A group of 36 bachurim and adult volunteers from the Ahavas Yisroel Community Centre in the London neighborhood of Stamford Hill were rescued Monday evening when a coastal hike went badly wrong. The group was enjoying a walk near the town of Dover, when they realized they were lost and at risk of being stranded on a beach, with the tide rapidly coming in.
The group called the emergency services and reported themselves as lost, and the Coast Guard and Royal National Lifeboat Services immediately came to the rescue, mobilizing life boats and a helicopter with sophisticated equipment, which was able to locate them. A small group of bachurim who had become separated from the rest of the party was airlifted to safety.
The rescuers commented on the high spirits of the boys, which was a credit to the volunteers with them, who were able to keep the boys from worrying too much about their situation.
A spokesman for the community center said, “We are hugely grateful to the coast guard, whose swift actions ensured that everyone was returned to shore safe and well. A full internal investigation will be held to ascertain the facts and understand the lessons to be learned.”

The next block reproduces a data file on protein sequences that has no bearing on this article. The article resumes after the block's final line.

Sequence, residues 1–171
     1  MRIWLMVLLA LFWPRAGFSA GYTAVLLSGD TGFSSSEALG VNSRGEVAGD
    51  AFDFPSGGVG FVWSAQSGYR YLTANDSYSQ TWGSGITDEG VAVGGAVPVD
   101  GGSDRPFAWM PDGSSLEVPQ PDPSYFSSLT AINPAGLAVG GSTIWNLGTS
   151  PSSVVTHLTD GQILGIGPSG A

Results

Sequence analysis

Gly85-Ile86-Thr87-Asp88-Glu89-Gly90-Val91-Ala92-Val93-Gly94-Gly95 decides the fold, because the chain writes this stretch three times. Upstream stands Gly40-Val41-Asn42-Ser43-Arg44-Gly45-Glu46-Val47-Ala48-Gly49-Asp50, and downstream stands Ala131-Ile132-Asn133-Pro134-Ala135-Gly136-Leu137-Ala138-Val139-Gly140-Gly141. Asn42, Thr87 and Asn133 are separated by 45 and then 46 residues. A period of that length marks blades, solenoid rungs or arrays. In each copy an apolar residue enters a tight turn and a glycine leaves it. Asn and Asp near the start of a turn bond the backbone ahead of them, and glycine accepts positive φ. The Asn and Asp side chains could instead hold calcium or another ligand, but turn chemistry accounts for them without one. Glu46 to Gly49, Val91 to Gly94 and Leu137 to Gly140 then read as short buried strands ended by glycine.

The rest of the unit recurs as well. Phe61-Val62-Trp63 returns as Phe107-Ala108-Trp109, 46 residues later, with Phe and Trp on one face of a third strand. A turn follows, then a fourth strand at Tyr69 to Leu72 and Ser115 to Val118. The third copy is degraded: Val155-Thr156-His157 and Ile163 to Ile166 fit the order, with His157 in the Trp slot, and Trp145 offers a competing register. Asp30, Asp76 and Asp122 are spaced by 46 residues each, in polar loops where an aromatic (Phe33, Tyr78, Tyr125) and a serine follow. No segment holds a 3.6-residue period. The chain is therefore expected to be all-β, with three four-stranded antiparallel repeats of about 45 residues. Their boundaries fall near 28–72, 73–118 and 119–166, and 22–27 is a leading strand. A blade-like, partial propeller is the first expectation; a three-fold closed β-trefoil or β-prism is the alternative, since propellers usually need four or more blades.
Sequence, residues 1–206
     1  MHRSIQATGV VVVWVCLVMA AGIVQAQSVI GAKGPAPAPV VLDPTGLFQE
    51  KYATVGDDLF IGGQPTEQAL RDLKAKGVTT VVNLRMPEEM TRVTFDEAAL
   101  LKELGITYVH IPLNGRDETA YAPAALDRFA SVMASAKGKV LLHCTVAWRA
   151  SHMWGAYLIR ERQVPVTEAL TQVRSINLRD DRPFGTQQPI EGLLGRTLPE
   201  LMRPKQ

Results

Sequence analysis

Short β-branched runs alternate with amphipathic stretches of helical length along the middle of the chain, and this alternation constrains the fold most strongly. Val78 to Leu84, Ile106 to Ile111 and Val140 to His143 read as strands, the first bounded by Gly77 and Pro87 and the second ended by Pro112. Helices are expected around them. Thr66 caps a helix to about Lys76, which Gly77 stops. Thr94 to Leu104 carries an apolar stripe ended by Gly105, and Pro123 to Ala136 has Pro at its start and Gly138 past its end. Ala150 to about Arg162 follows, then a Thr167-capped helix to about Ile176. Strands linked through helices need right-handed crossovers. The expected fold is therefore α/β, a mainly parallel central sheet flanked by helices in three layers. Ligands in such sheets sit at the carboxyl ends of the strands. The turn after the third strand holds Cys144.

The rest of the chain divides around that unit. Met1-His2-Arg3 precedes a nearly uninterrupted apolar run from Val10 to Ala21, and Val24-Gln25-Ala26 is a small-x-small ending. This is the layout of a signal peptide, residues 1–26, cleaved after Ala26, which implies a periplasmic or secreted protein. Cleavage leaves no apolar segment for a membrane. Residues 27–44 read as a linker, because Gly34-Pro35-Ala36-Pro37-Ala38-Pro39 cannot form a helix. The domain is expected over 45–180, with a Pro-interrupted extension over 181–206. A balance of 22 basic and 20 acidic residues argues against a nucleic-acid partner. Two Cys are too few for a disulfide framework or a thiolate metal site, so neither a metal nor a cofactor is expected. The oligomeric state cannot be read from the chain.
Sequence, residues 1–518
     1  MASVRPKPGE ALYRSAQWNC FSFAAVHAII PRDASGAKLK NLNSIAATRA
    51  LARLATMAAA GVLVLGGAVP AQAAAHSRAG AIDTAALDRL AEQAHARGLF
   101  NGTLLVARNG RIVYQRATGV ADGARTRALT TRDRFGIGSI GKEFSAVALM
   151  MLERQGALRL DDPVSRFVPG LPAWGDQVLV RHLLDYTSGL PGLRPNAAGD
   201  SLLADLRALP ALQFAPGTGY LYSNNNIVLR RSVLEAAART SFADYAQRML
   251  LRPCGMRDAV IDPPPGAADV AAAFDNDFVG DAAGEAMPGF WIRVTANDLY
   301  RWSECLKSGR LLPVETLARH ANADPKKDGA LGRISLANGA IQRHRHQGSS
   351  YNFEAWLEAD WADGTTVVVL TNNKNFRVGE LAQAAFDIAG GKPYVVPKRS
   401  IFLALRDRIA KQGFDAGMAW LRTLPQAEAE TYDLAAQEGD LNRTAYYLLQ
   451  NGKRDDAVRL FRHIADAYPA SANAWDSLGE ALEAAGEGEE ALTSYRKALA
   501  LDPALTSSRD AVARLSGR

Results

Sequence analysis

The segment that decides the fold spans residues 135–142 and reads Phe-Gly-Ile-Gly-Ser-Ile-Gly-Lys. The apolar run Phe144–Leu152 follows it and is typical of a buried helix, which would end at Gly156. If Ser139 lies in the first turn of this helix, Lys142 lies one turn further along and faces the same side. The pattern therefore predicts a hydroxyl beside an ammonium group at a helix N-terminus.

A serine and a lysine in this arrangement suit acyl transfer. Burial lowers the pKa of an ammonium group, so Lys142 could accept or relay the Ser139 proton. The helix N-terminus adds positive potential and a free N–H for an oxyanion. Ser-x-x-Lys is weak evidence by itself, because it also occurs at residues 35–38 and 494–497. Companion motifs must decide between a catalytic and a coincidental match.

Members of the group also contacted Shomrim, some of whose volunteers traveled to Dover to assist in any way they could. Chaim Hochhauser, supervisor of Shomrim Stamford Hill, said, “Several Shomrim volunteers drove down from London to support the group and liaised with parents and families throughout the incident, which thankfully ended well, thanks to the great work by RNLI and HM Coastguard.”
James Salmon, deputy launching authority at Dover lifeboat station, said, “As we approach the summer with lighter evenings, this incident highlights how easy it can be to get cut off by the tide whilst out walking. The group also faced the dangers of cliff falls along this iconic stretch of coastline.
“Surprisingly, the biggest risk when enjoying our coastline can be activities such as coastal walking and running. It’s easy to get caught out by unexpected tides and waves. We encourage people to keep themselves safe and treat water with respect by staying away from cliff edges and areas prone to cliff falls, sticking to marked paths and checking local hazards and safety information, such as tide times, before setting out.”